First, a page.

“James Gifford claims that a ‘missing generation’ of writers has been ignored by the critical establishment because it does not fit ‘the established paradigms of Modernism, the Auden group, the Angry Young Men or the Beats.’ …Gifford makes a persuasive case…. Engaged in a ‘struggle against definition,’ the Personalists were perhaps victims of their own success. Certainly, they feel like a missing link in the established narrative. In this metacritical study, however, Gifford shows how literary works must always flow through the authoritarian structure of institutions—which might explain why these anti-authoritarian writers have suffered such neglect.” Ian Pindar, Times Literary Supplement, April 3, 2015
“James Gifford’s Personal Modernisms is the first in-depth account of the personalist English literary network in the pre- and post-World War II ‘gap’ (xvii). Gifford illuminates the interbellum period, where he argues that artists like Henry Miller, Lawrence Durrell, David Gascoyne, Elizabeth Smart, and Alfred Perlès merit significantly more scholarly attention and readership. Emphasizing the relevance of English literature outside the British Isles, Gifford examines a movement which he calls ‘Personalism,’ and underscores the profound impact that this less renown network made on generations of writers to follow.… With a plethora of detail and history, which contextualizes the personalist network, Gifford’s Personal Modernisms offers something of value to a wide range of readers, from those hoping to discover more about these understudied writers, to others interested in the literary milieu of the 1930s and 40s.” Sheena Jarry, ILDS Herald, May 25, 2015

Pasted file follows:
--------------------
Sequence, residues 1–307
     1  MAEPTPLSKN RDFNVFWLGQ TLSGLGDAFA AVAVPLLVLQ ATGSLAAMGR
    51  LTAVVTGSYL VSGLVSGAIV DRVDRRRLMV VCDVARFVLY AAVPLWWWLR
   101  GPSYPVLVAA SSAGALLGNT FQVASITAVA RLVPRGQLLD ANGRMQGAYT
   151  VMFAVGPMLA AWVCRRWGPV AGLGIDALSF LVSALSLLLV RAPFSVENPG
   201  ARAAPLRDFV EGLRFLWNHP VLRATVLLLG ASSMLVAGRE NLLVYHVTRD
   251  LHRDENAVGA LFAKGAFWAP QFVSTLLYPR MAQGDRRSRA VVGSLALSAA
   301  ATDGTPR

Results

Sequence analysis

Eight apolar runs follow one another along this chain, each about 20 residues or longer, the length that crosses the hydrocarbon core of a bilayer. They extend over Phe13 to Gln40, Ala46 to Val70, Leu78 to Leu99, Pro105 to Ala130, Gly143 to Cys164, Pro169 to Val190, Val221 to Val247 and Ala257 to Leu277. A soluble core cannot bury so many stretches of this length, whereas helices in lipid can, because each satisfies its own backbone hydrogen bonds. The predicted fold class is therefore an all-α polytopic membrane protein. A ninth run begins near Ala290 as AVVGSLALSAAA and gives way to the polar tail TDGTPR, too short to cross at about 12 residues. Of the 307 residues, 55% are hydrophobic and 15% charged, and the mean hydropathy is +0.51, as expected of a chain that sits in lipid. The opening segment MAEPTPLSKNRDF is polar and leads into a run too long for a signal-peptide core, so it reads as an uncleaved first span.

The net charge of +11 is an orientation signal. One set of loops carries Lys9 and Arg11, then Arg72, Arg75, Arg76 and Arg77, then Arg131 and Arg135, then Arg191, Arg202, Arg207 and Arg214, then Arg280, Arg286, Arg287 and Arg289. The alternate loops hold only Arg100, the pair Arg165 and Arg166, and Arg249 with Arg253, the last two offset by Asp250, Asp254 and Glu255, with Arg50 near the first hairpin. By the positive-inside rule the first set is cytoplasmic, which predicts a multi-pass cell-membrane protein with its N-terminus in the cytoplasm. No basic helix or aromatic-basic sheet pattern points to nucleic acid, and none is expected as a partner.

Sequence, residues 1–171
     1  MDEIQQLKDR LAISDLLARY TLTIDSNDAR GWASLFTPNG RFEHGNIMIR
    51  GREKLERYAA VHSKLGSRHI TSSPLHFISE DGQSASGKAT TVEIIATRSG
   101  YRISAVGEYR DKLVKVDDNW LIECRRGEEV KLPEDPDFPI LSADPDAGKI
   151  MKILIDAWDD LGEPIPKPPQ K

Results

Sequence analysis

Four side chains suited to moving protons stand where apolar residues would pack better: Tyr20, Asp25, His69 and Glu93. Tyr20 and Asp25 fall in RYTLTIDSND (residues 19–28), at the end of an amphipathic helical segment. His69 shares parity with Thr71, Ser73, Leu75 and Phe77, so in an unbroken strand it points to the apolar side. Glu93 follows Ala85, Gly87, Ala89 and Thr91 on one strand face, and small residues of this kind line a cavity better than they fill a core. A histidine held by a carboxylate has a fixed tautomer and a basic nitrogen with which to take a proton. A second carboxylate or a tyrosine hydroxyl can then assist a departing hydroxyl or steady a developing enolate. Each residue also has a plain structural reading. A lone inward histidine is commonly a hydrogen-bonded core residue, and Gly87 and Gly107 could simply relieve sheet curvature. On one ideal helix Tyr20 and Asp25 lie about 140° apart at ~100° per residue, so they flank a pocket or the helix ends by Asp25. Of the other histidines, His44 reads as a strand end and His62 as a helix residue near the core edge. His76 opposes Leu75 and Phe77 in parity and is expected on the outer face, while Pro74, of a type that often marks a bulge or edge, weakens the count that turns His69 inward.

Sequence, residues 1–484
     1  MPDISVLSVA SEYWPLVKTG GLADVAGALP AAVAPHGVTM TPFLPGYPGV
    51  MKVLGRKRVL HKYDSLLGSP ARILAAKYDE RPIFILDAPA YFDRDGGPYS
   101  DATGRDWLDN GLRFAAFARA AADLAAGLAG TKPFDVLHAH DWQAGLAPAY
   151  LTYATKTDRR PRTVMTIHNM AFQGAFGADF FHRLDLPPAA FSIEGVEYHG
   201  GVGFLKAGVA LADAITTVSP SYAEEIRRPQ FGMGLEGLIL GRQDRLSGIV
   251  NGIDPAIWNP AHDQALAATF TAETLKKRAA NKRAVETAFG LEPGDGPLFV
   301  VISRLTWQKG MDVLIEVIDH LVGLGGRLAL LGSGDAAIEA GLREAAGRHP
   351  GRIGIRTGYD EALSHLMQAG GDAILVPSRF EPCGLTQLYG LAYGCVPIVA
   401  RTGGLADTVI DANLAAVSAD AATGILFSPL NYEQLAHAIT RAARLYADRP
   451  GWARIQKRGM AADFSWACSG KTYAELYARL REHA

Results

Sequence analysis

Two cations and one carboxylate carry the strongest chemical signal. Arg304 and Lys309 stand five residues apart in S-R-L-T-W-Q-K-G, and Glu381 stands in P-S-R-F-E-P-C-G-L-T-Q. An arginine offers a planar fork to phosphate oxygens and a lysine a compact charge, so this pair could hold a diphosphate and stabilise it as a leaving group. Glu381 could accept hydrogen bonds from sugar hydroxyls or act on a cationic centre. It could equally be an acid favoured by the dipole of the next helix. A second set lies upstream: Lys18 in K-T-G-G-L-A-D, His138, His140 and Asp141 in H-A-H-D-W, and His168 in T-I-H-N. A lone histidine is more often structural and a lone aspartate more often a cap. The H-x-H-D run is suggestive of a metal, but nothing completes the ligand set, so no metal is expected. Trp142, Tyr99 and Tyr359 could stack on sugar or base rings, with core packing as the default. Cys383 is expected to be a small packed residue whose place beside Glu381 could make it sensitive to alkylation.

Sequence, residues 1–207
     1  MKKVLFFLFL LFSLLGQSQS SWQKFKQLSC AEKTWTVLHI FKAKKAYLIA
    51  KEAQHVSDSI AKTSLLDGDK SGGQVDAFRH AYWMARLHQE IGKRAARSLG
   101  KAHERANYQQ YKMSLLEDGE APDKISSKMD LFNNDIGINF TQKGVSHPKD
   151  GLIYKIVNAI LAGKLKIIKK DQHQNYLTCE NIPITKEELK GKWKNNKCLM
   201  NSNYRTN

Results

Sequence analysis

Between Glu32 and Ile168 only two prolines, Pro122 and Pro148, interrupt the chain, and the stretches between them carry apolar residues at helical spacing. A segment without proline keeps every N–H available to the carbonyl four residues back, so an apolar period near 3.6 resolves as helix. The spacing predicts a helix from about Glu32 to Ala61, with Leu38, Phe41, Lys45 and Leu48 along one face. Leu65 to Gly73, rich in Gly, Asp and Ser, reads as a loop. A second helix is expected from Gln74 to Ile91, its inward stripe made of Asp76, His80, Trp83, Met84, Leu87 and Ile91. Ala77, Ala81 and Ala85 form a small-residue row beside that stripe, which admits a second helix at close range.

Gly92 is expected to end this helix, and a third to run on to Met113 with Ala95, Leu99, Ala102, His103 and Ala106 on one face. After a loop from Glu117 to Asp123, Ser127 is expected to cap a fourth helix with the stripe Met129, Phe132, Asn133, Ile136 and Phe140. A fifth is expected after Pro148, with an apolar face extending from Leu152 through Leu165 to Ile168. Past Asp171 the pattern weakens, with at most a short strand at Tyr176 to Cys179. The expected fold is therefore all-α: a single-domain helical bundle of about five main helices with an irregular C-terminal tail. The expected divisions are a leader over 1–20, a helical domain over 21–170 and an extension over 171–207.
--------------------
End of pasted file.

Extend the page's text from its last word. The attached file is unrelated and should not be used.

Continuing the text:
“James Gifford provides plenty of food for thought in his survey of the poets of the New Apocalypse, New Romantics, Personalist movement. Or should it be movements? They are, as he rightly says, mostly overlooked, either by design or accident, in many works of criticism and in university courses. Opinion may differ about the reasons for that, but the historical record of their existence does need to be correctly established, and Gifford’s book is a step in the right direction.” [Full review] Jim Burns, The Northern Review of Books, June 1, 2015